"You have seen what I have done to Egypt." (Ex. 19:4)

In the above verse, G‑d is telling Israel how He started to refine them, and He promises them that if they are prepared to listen to Him, He will elevate them further, refining them even more, both spiritually and physically.

Why would G‑d take the Torah out of the celestial regions…?

Should Israel ask that if they were to be totally spiritual creatures such as angels, why would G‑d take the Torah out of the celestial regions, away from the angels and give it to them, the Torah answers that Israel has two tasks: 1) to become a kingdom of priests and 2) to become a holy nation. When our sages describe the condition of the soul in the World to Come, they employ the following hyperbole: "The righteous are seated with their crowns on their heads." They do not simply say that the righteous wear crowns, but that they wear their crowns on their heads while seated.

Angels are always described as standing, never as leaping or moving forward. (Isaiah 6:2, Zachariah 3:7) After all, it is difficult to refer to disembodied spiritual beings as "leaping". But how do "sitting" or "standing" apply to abstract disembodied beings?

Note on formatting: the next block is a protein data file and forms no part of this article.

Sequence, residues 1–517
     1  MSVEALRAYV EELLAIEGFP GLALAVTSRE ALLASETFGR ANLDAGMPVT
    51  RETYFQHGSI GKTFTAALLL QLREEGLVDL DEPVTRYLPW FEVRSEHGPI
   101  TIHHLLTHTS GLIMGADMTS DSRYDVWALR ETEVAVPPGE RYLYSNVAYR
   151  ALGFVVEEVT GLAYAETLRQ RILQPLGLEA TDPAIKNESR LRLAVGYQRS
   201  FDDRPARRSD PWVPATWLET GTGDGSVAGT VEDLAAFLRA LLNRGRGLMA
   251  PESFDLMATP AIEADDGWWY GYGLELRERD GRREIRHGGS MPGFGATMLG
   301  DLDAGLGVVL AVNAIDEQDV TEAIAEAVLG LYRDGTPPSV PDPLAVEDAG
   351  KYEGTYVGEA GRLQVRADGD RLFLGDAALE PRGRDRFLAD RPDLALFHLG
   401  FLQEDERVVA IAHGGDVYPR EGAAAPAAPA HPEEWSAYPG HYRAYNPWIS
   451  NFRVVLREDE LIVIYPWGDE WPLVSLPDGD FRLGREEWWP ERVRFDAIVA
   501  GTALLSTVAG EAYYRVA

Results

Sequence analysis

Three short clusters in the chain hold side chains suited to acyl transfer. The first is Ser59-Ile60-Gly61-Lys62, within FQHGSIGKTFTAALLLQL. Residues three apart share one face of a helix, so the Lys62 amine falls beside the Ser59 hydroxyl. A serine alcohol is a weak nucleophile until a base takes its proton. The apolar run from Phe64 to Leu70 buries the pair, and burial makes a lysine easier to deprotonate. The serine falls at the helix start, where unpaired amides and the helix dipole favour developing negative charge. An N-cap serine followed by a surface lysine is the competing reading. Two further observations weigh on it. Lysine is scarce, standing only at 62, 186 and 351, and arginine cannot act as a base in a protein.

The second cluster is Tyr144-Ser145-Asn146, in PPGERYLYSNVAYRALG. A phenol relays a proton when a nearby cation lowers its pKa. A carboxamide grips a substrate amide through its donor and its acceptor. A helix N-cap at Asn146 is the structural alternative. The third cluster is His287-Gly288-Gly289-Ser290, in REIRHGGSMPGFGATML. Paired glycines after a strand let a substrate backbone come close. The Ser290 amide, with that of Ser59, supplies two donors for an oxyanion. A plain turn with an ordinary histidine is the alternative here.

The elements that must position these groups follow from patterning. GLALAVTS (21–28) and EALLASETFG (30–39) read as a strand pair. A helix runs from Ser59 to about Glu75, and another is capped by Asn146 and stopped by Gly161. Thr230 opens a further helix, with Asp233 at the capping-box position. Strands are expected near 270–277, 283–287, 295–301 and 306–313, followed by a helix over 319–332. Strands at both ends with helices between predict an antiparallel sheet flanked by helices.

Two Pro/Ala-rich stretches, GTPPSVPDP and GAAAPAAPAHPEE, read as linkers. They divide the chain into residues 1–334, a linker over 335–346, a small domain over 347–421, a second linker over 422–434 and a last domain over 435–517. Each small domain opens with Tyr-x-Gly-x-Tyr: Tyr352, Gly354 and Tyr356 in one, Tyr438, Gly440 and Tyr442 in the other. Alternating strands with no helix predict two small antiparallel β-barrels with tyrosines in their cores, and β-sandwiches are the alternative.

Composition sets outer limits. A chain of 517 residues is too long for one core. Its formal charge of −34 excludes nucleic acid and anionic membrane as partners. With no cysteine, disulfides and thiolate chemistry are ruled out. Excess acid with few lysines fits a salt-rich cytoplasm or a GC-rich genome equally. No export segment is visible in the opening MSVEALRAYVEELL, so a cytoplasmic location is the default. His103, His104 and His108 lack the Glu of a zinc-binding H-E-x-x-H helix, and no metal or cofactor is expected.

We must view G‑d as like a king who has two categories of servants at his command. One category is assigned duty in his palace, a permanent assignment; the reward of these servants is the very fact that they have the privilege of serving the king. The second category of servants receives its instructions to perform errands on behalf of the king outside His palace; their reward is that once they have performed their tasks they will be recalled to the palace and assigned positions of honor near the king and enjoy the king's company henceforth - they will not be required to carry out any further assignments.

The Jewish people… retire to the celestial regions, enjoying the peace and harmony….

There is no doubt that this latter category of servants is the more beloved of the two. The first servants referred to in our parable are the ministering angels, whom G‑d employs forever, busy carrying out assignments as in the verse "His servants who are performing His will". (Psalms 103:21)

The second category is the Jewish people, whose assignments are limited to the time allocated to them on this earth. After that, they retire to the celestial regions, enjoying the peace and harmony that prevails there. The reason why they can do this is that by performing G‑d's commandments down in This World, we have created new agents for G‑d. Our "crowns" are these very angels created by our meritorious deeds. It is all this which G‑d has in mind when He says of the Jewish people, "You will be for Me, etc". Since angels are not equipped with an evil urge, they cannot receive credit for subduing it.

[Translation and commentary by Eliyahu Munk]